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In Memoriam

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New Orleans music suffered a compound loss this past week with the passing of three fine artists from our treasure chest of soul.

Lower Ninth Ward native Oliver Morgan died July 31 in Atlanta, where he relocated after Katrina. He was best known for his 1963 hit "Who Shot the La-La," a rollicking R&B number made unforgettable by his joyful, rough-edged shout. Morgan recorded his debut single, "Nookie Boy," on Harold Batiste's seminal AFO label in 1961, and hit local pay dirt with his mysterious paean to singer Prince "La La" Nelson, but didn't record a full-length album until 1998's I'm Home for Allen Toussaint's NYNO label. A perennial presence at second-line parades, Morgan toured nationally following his hit (credited to Eddie Bo, although some -- including Morgan -- say he was the song's author) but eventually preferred to remain in New Orleans, where he and his wife were longtime neighbors of Al "Carnival Time" Johnson on Tennessee Street, as well as Fats Domino a few blocks away on Caffin Avenue.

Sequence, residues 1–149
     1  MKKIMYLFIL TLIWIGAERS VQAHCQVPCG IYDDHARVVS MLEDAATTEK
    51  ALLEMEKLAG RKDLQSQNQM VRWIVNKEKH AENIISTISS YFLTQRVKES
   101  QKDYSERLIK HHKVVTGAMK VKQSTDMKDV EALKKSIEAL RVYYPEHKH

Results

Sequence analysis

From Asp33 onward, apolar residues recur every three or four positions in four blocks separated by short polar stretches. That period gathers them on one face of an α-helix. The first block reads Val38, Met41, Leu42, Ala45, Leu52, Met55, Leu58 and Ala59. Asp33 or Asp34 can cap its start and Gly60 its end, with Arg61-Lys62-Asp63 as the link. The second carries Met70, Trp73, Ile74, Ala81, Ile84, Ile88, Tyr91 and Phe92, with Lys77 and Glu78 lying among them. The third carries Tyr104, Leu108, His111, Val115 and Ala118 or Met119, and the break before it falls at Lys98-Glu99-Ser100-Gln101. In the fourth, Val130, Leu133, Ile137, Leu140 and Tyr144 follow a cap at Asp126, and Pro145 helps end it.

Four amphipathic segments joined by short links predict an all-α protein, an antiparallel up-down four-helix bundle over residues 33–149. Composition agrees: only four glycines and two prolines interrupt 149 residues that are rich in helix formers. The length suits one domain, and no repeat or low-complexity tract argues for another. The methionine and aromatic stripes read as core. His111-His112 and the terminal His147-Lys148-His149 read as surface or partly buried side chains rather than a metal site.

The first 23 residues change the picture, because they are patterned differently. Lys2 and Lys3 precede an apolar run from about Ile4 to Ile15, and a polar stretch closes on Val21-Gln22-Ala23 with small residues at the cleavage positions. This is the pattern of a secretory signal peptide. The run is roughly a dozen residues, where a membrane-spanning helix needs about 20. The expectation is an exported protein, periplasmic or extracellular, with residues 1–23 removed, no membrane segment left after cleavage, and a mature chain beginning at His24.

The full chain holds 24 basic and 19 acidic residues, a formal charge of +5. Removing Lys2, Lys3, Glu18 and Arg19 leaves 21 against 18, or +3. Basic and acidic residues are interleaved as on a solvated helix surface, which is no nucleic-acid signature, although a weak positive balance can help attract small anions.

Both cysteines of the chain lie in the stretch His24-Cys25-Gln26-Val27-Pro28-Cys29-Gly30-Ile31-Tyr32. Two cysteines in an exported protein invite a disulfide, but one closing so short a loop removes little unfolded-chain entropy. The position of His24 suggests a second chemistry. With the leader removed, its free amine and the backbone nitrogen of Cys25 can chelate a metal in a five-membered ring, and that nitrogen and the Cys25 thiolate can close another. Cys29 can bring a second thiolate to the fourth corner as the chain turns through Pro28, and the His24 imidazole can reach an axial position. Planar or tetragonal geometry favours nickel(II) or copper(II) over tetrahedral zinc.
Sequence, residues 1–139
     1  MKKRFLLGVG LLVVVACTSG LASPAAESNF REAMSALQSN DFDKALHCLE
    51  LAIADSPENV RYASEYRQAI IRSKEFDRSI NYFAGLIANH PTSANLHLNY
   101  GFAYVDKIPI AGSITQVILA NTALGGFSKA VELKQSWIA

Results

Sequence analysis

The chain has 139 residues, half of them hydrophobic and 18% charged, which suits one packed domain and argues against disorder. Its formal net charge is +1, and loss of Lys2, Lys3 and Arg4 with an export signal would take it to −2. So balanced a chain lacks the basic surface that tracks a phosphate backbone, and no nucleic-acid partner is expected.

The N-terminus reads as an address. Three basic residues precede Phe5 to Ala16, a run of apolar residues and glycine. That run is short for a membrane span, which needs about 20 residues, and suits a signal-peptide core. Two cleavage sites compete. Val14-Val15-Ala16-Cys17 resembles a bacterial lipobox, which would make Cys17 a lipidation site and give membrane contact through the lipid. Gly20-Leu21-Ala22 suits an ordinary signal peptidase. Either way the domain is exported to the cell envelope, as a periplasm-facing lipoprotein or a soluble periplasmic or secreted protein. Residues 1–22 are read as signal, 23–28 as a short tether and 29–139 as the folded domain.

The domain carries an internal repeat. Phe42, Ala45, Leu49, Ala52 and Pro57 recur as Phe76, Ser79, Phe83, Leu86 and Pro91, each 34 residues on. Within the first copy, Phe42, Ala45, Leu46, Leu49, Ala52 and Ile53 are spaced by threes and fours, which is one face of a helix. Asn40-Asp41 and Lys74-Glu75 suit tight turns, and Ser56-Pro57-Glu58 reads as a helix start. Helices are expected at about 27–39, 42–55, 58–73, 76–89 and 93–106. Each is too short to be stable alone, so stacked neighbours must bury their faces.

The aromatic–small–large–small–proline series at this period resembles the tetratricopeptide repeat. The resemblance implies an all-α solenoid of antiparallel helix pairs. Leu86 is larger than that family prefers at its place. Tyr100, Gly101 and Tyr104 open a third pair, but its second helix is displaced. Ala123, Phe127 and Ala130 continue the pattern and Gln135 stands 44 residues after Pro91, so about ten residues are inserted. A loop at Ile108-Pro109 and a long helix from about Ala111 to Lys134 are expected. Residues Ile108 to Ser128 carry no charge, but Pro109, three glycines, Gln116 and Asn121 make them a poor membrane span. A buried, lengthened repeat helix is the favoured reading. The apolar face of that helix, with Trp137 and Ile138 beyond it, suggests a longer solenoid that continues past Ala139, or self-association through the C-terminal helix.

On Aug. 3, saxophonist Earl Turbinton died after a prolonged bout with lung cancer. He was 65. Turbinton was best known for his pioneering modern jazz, and in the '60s, opened a bar ­ the Workshop -- in the French Quarter that he hoped would be a home for experimental music. He also collaborated frequently with other local musicians, including the members of Astral Project and his brother, funk and R&B keyboardist Willie Tee. Turbinton played sax alongside Willie in the seminal local funk gang the Gaturs. In the late '80s, the two recorded the album Brothers For Life together. Referred to -- mostly by himself -- as the "African Cowboy," Turbinton was known for being a deeply spiritual man who marched to the beat of his own drum, though he was influenced by other high-profile experimenters like John Coltrane.

Eluard Burt, a jazz flautist and multi-instrumentalist died at age 70 on Aug. 5. Burt played reeds throughout the '50s with bands like Billy Ward's Dominoes, Big Joe Turner and Chick Willis. In the '60s, he was a bohemian arts and culture innovator, working with spoken word artists and dancers to create multimedia avant-garde jazz performances. For most of his life, Burt was a force in the community, working with children on Afrocentric jazz, poetry, theatre and dance as well as collaborating with luminaries like conga player Uganda Roberts and percussionist Cyril Neville.

Maybe even more sadly, because of Hurricane Katrina's devastation, all three musicians died far from home. They will all be missed.

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